CPR Insights: The Ballooning USO Fund

Universal Access Levy amount available for Universal Service Obligation

Source: https://usof.gov.in/en/fund-status

The other day I was examining a PhD proposal that was looking at bridging the digital divide,
when I wondered what had happened to India’s universal service obligation (USO) fund.
Sure enough, it was still around and quite easy to find online, but what I found surprised me
a little.

The USO Fund was created to support the Universal Service Support Policy 2002, to ensure
telecom access to all. It came into being in 2003, through the Indian Telegraph (Amendment)
Act, 2003. The revenue for the USO Fund is raised through a ‘Universal Access Levy’
(UAL), which is currently 5% of the Adjusted Gross Revenue earned by all the operators.
The USO Fund is an attached office of the Department of Telecommunications (DoT),
Ministry of Communications. The Administrator, USO Fund is appointed by the Central

Not only was the fund there, as the figure shows, it had, as of the end of last financial year, a
balance of ₹ 79,638 crore, i.e., almost $ 10 billion. In the last ten years, the balance in the
fund has increased over 2.3 times. Since its inception, it has collected about $ 20 billion (at
current exchange rates) and disbursed about half of it. However, as shown in the figure, in
recent years, disbursements from the USO Fund has been between 5% and 10% of the
available balance. In 2022-23, it received ₹12,694 crore but spent only ₹3500 crore. Last
year, it received ₹18188 crore and spent ₹7676 crore, i.e., it is spending less than the
interest it might have earned on its accumulated funds (which, surprisingly do not seem to
earn interest!).

This appears odd given the objective of spreading digital public infrastructure and becoming
a trillion dollar digital economy in three years. It is not that there are no projects, there are
many (https://usof.gov.in/en/ongoing-schemes). So, is the UAL excessive compared to the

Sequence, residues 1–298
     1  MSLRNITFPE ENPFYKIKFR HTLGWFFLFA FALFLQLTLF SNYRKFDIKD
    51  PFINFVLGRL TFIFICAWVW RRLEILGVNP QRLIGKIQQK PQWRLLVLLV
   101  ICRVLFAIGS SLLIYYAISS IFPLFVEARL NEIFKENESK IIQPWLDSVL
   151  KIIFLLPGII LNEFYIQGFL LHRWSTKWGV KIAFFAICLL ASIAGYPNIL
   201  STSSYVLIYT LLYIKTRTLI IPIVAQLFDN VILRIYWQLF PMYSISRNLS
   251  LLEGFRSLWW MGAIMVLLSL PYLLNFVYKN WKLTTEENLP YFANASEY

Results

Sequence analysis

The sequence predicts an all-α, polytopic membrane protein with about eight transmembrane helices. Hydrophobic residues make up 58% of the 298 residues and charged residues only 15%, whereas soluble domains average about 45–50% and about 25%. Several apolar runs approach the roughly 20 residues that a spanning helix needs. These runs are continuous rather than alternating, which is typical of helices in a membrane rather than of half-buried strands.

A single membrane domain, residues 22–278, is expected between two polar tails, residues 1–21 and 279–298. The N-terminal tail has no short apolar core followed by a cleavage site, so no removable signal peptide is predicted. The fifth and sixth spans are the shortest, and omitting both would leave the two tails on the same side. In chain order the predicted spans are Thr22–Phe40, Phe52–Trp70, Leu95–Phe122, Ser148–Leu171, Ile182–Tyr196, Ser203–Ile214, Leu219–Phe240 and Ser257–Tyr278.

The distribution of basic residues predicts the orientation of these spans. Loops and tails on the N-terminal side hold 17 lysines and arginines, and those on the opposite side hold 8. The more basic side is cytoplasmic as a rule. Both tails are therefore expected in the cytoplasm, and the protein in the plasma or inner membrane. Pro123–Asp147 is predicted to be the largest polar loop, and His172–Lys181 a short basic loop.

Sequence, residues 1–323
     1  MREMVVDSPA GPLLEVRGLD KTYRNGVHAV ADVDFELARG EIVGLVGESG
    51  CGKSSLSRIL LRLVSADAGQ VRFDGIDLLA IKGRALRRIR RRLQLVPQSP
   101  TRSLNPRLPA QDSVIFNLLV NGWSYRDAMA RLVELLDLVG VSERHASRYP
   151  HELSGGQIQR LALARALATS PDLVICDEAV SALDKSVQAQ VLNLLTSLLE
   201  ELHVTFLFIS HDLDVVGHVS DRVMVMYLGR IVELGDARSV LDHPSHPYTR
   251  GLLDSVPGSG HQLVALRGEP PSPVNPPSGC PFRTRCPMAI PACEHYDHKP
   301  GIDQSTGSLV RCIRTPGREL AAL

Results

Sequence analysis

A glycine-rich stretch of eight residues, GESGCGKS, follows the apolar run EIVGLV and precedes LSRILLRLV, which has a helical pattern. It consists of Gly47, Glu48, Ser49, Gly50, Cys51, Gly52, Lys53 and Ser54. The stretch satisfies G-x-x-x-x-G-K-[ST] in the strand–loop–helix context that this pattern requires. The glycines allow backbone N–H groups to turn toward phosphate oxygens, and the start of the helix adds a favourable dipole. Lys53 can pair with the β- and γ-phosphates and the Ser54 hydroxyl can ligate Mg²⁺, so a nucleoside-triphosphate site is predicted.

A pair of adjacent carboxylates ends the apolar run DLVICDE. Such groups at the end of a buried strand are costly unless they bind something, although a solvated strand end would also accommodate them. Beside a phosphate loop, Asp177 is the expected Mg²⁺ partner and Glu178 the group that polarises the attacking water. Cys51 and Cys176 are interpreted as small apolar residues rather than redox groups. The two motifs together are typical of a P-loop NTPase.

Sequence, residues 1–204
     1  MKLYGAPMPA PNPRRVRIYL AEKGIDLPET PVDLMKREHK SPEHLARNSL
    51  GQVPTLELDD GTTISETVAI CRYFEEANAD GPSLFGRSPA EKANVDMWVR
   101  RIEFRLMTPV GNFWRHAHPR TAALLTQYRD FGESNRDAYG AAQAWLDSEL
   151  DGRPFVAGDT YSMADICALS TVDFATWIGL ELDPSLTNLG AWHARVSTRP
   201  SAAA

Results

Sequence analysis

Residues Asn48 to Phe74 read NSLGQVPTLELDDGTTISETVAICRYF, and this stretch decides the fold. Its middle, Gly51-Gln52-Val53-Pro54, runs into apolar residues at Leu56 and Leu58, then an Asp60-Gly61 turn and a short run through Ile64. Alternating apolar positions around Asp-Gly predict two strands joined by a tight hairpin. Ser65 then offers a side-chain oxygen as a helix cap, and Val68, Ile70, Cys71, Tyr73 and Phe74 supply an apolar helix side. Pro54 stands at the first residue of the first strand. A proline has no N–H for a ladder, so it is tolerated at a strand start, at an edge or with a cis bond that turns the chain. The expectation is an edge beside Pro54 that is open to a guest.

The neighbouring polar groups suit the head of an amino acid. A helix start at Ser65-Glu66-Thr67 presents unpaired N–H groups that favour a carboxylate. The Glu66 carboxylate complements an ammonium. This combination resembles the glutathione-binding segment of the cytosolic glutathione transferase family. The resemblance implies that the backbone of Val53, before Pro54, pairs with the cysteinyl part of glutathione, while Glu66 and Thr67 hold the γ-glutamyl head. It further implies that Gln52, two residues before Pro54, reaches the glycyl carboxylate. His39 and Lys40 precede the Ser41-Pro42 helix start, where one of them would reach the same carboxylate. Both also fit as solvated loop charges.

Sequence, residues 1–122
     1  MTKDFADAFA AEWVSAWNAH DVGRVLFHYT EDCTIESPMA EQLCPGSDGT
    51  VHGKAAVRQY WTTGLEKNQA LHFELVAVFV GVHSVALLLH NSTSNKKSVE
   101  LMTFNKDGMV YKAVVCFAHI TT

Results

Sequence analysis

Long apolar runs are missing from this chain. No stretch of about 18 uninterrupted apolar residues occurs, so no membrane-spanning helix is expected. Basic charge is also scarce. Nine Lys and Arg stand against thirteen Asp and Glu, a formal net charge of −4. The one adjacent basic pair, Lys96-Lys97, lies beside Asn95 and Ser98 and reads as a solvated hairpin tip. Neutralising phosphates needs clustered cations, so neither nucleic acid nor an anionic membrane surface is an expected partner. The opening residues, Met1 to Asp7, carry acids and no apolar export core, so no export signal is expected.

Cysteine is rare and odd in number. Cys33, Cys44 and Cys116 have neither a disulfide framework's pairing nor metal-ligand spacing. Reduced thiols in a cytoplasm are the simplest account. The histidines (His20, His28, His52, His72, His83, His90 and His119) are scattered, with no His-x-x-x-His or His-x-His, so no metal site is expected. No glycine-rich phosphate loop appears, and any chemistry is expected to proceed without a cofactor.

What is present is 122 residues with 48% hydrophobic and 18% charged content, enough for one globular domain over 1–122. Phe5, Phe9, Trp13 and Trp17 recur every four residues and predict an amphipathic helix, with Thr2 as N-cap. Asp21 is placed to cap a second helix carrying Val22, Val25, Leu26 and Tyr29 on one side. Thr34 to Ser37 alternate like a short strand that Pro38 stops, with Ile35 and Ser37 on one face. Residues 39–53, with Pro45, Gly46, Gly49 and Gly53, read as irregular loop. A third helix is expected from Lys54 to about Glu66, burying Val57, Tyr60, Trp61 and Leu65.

requirements or is there a different explanation? Is the Administrator worried that disbursing

funds to the two major private telecom operators would attract undesirable attention?
Whatever be the reason, it is time rescue the USO Fund from its current obscurity.

Revisiting Dhampur Four Decades Later: First Impressions

(Picture Credit: Pushpa Pathak)

On 13th February 1979, I arrived in Dhampur Town, District Bijnor, Uttar Pradesh, to start my Ph.D. thesis field work. My research focus was on agro-industries as drivers of economic growth of a small town as well as of regional-rural transformation. Hence, I had selected a small town with a large sugar mill with the assumption that it will have strong linkages with the surrounding cane growing villages, which will contribute to rural development and prosperity.  

As of 1971, Dhampur was a town of about 23,000 inhabitants living in about 2 square kilometers’ area. Based on then available literature on small towns, I had expected Dhampur to be a mofussil town that would not be much different from a large village. To my surprise, Dhampur was a compact little market town with well-defined streets for different kinds of businesses, with many buildings having shops on the ground floor and living spaces upstairs, and some solely residential gallis (lanes) that had mostly two-story houses stuck next to each other. Also, it was a very much a walkable town, with cycle rickshaws being the only mode of public transport. The town was surrounded by green agricultural fields. The Dhampur Sugar Mill was located about 5 Kilometers South-east from the town in the midst of these fields it involved taking a long rickshaw ride to get there.

Earlier this year on 18 February 2024, I returned to Dhampur to see how this small town has changed over four decades. I found that Dhampur has grown to be a settlement of about one lakh population, with residential and commercial development along all the five highways emanating from the town. There are large showrooms for cars and motor cycles, schools and colleges, hospitals and clinics, marriage banquet halls, shops and restaurants, and even a fancy stone façade four story Eurasia Palace Hotel. Several new residential colonies with apartment blocks and bungalows are being developed in the surrounding agricultural areas. Now there is a clear distinction between the compact core or old town and newly developed urban periphery, which is not yet legally recognized to be a part of the town. E-rikshaws popularly called `metro service’ have replaced cycle rickshaws. There are also a few three-wheeler auto-rickshaws as well as shared tempos running on fixed point to point routes.

To know more on how this small agro-industrial town is becoming a vibrant city, follow the study updates on: https://cprindia.org/project/four-decades-of-development-in-dhampur